... Your existing policies and access privileges, your federated ID management brought up into a policy level -- that will all play into this and it could help mitigate this concern around the right balance. ... I was thinking about the adage that nobody was fired for using IBM, which was a common saying not that long ago. What if we were to take that same mentality and apply it here -- that if you're going to do mashups, make sure they are Windows Live mashups, or Google mashup services, or maybe Salesforce.com.
It strikes me that this is a slippery slope, if people start using mashups. That includes the more defined and traditional developer using it through governance and vetting it properly with command and control, as well as across a spectrum of project-level, third-party developers, and even into department-level folks who are not developers per se. The slippery slope is that, suddenly more of the functionality of what we consider an application would be coming through these mashups and services, and perhaps increasingly from outside the organization.
Therefore, the people who are providing the current set of internal services and/or traditional application functionality need to be thinking, "Shouldn’t I be out there on the wire with a trusted set?" We're already seeing Microsoft move in this direction with its Windows Live. We're seeing Google now putting packaging around business-level functionality for services. Salesforce.com is building an ecology, not only of its own services, but creating the opportunity for many others to get involved -- you could call them SaaS ISV’s.
... (Are) these sets of players, with the possible exception of Google and Salesforce.com, going to be interested in having this occur sooner? No, they would rather have it come later, because their on-premises, licensed software businesses are far more profitable, and it gives them a more entrenched position with the client and the account than these mashups ... which can be switched in or out quite easily, and are either free or monetized through advertising or in a subscription fee format that is still not nearly as profitable for them in the long run as an on-premises, licensed approach.
What’s going to happen is that the users are going to do this through a brokerage -- guys like Google. I don’t think Google is going to take a whole lot of money. They're going to take the normal pennies per transaction, and you will see millionaires that are made in a few months -- people who are able to send up killer services that Google and guys like StrikeIron are able to broker out to those who are setting up SOAs. Then, suddenly, they are going to find themselves a hit, very much like we’re seeing the Web 2.0 hits today. ... We have Google AdWords and AdSense. So, soon we should have "ServicesSense"?
On the Oracle-Hyperion Deal
[Oracle Chairman and CEO] Larry Ellison has been very willing in the past to grab huge amounts of market share by buying direct competitors like PeopleSoft, Siebel, and so forth, and managing multiple competing brands under the same umbrella -- and he is doing it here. A lot of the announcement from Oracle regarding this acquisition glossed over the fact that there are huge overlaps between Oracle’s existing product lines and Hyperion’s in pretty much every category, including the core area that Hyperion is best known for.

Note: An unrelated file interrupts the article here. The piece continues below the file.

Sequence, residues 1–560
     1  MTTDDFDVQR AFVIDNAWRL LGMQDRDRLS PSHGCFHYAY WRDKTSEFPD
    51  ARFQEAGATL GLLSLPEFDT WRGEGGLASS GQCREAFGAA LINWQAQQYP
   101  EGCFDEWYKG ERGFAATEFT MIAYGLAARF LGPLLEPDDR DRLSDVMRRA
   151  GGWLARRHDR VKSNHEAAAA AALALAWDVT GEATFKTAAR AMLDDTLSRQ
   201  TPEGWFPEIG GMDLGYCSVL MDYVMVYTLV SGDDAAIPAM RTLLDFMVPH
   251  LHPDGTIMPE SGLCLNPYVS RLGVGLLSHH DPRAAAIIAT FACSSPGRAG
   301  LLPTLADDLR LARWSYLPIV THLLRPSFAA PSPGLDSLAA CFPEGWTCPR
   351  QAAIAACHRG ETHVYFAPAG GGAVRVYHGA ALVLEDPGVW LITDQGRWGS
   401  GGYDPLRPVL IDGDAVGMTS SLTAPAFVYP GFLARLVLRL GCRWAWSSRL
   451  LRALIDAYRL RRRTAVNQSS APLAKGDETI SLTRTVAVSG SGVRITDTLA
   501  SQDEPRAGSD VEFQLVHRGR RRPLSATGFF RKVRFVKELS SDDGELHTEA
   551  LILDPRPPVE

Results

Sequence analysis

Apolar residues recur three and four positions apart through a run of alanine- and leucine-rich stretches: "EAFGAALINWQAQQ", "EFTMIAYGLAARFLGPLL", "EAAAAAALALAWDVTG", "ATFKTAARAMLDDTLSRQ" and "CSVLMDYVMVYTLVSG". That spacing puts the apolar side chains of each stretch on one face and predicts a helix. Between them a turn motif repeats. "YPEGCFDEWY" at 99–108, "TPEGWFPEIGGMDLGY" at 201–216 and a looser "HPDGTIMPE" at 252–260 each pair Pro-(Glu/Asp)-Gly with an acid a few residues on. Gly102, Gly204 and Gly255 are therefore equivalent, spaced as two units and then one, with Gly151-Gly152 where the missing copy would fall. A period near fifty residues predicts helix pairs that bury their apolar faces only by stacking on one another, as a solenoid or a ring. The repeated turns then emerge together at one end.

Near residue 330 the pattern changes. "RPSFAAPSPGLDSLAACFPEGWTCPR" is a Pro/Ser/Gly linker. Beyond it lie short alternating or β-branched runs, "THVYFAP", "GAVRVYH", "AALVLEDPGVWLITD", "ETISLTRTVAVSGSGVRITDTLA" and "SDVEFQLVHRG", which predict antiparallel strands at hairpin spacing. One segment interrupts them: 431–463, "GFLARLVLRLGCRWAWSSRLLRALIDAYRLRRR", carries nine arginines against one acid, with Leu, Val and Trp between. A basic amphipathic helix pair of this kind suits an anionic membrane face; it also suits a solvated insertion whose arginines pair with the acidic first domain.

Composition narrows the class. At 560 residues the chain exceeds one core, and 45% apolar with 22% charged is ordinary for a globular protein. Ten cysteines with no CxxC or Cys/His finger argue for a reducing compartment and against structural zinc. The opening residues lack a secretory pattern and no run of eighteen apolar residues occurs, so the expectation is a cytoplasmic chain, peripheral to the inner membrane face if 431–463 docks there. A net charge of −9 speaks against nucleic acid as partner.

Hyperion is a big business intelligence (BI) vendor as well, and Oracle has just released an upgrade to its BI suite. You can go down the line. They compete in master data management (MDM) and data integration, and so forth. The thing that Oracle is buying here first and foremost is market share to keep on catapulting itself up into one of the unchallenged best-of-breed players in business intelligence, CPM and so forth.
It’s a great move for Oracle, and it definitely was an inevitable move. There will be continuing consolidation between the best-of-breed, pure-play data management players, such as Hyperion and a few others in this space, which are Business Objects and Cognos. They will increasingly be acquired by the leading SOA vendors.
... This is less about database and more about middleware and Fusion and building up that software stack. Oracle has clearly got an eye on doing that. It’s really about their bigger picture of taking what Oracle calls Fusion middleware out beyond just middleware to the applications themselves, and essentially creating an entire integrated stack of software.
Analytics is the necessary icing on the cake. All the other pieces tell you what you are doing, and the classic question of analytics tells you why. A lot of folks look at this as an extension to the database business. I see this as an extension of the applications business.
[The deal] puts some pressure on SAP. I wouldn’t be surprised to see them make the play for one or the other two big remaining ones. I also expect IBM to play in there, because even though IBM says it’s not in the apps business, the fact is that they do have products like master data management. What's really ironic about all this is that years ago, IBM and Hyperion had actually had a very close relationship, and it was bordering almost on acquisition. I'm surprised that IBM actually never went the last mile and acquired them. It would make sense for them to make a move with one of the other players today.
Listen to the entire podcast, or read the full transcript for more on IT analysis and SOA insights. Produced as a courtesy of Interarbor Solutions: analysis, consulting and rich new-media content production.